Annual Review of Public Health 02/2008; 29:115-29. · 3.27 Impact Factor
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    ABSTRACT: An abstract is unavailable. This article is available as HTML full text and PDF.
    Journal of Clinical Psychopharmacology 01/2008; 27(6):707-10. · 3.51 Impact Factor
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    ABSTRACT: This study examined use of mental health services among adult survivors of Hurricane Katrina in order to improve understanding of the impact of disasters on persons with mental disorders. A geographically representative telephone survey was conducted between January 19 and March 31, 2006, with 1,043 displaced and nondisplaced English-speaking Katrina survivors aged 18 and older. Survivors who reported serious and mild-moderate mood and anxiety disorders in the past 30 days and those with no such disorders were identified by using the K6 scale of nonspecific psychological distress. Use of services, system sectors, and treatments and reasons for not seeking treatment or dropping out were recorded. Correlates of using services and dropping out were examined. An estimated 31% of respondents (N=319) had evidence of a mood or anxiety disorder at the time of the interview. Among these only 32% had used any mental health services since the disaster, including 46% of those with serious disorders. Of those who used services, 60% had stopped using them. The general medical sector and pharmacotherapy were most commonly used, although the mental health specialty sector and psychotherapy played important roles, especially for respondents with serious disorders. Many treatments were of low intensity and frequency. Undertreatment was greatest among respondents who were younger, older, never married, members of racial or ethnic minority groups, uninsured, and of moderate means. Structural, financial, and attitudinal barriers were frequent reasons for not obtaining care. Few Katrina survivors with mental disorders received adequate care; future disaster responses will require timely provision of services to address the barriers faced by survivors.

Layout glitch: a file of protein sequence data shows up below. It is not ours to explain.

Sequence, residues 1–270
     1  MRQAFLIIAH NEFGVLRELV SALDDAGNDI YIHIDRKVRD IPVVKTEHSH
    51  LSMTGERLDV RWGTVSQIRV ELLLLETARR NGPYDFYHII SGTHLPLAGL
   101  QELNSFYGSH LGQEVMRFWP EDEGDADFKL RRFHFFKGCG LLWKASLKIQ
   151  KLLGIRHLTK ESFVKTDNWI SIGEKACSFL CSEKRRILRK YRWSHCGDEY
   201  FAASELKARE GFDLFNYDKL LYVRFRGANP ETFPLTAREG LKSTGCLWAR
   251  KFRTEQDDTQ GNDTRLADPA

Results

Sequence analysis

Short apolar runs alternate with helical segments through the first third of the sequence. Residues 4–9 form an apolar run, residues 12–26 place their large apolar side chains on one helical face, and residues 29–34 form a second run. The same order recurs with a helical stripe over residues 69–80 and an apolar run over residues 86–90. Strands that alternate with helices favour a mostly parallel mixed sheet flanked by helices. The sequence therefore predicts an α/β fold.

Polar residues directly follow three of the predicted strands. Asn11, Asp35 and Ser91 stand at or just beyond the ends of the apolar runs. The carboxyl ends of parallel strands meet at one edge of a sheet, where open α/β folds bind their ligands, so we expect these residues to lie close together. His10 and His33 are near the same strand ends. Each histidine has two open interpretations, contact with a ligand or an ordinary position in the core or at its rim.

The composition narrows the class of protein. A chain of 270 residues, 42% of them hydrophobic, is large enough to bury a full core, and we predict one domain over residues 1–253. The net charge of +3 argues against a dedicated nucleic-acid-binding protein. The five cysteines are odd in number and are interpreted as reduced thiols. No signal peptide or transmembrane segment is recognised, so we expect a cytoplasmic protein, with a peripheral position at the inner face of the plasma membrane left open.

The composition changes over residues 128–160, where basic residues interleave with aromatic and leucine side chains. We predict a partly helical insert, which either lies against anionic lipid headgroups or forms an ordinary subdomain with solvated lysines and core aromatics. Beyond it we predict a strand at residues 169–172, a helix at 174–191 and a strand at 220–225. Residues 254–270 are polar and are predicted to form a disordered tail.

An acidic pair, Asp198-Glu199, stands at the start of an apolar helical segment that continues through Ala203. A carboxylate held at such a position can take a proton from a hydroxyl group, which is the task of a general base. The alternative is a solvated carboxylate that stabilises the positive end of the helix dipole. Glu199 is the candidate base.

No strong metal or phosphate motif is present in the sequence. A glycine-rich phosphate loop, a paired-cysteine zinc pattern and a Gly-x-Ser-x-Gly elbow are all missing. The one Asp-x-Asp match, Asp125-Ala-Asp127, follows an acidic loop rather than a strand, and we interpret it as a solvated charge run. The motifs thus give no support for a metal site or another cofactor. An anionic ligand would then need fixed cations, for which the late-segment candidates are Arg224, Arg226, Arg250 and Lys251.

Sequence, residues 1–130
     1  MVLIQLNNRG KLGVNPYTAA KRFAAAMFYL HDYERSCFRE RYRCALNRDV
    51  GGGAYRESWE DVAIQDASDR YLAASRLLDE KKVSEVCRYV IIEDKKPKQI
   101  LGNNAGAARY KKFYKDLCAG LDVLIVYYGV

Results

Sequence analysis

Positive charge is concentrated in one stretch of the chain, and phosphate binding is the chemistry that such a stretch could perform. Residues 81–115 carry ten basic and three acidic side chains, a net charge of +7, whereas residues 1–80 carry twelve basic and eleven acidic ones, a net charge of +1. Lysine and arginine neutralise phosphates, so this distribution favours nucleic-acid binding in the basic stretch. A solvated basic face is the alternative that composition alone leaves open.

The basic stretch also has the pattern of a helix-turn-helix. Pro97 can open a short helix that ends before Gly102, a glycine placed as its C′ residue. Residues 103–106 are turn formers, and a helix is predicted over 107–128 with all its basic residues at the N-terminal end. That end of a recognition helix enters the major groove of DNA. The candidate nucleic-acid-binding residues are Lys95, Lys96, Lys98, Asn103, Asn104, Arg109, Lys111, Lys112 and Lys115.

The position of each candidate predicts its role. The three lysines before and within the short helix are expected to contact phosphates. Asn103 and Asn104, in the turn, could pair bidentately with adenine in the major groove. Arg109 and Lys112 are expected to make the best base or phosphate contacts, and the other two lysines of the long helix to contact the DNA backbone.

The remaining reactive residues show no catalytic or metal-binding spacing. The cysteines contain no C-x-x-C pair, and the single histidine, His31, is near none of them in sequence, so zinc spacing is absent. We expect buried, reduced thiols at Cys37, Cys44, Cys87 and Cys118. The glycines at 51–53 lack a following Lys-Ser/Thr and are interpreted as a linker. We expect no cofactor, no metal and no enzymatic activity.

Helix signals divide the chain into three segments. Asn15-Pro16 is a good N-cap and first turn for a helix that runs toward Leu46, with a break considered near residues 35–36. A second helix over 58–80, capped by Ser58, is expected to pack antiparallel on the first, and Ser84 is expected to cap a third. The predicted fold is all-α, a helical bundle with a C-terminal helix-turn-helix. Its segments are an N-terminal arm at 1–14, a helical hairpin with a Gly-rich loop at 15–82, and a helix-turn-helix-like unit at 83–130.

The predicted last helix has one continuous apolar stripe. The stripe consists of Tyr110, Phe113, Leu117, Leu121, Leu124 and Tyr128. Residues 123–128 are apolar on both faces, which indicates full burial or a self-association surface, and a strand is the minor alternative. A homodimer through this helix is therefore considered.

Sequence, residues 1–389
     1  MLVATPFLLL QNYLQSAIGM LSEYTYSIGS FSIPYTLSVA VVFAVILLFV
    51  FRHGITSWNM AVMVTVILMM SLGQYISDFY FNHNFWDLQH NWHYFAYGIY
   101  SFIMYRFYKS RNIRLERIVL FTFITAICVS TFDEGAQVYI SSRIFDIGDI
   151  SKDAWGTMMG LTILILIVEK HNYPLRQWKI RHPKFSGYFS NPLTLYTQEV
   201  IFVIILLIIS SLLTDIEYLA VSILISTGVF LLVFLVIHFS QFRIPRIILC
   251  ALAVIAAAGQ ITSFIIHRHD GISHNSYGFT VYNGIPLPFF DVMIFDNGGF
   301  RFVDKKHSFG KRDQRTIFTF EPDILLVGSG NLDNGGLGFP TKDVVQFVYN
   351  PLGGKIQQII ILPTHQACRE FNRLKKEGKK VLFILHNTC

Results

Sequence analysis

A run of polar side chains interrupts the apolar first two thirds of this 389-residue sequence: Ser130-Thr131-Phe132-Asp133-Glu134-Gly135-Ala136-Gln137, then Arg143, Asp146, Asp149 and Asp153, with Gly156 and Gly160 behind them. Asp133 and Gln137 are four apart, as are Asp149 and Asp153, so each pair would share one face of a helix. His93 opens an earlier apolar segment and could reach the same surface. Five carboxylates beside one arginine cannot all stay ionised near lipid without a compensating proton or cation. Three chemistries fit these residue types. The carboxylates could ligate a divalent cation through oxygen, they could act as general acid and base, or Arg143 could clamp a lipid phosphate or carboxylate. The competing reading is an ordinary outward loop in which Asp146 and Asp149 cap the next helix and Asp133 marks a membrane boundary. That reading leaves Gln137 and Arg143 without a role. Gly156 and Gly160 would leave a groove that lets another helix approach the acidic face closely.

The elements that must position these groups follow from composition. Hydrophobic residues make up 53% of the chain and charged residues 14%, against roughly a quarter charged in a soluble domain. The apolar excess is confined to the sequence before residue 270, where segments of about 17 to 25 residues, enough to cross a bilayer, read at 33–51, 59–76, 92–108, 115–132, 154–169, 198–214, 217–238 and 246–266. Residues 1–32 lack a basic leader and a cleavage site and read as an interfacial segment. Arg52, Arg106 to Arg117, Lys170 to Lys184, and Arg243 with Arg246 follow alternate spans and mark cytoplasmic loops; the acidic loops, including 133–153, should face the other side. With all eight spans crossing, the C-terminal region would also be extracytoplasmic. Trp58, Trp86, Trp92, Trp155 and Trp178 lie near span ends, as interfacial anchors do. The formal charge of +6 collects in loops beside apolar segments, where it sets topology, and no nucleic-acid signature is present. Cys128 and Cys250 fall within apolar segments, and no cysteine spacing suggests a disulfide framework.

Psychiatric Services 12/2007; 58(11):1403-11. · 2.01 Impact Factor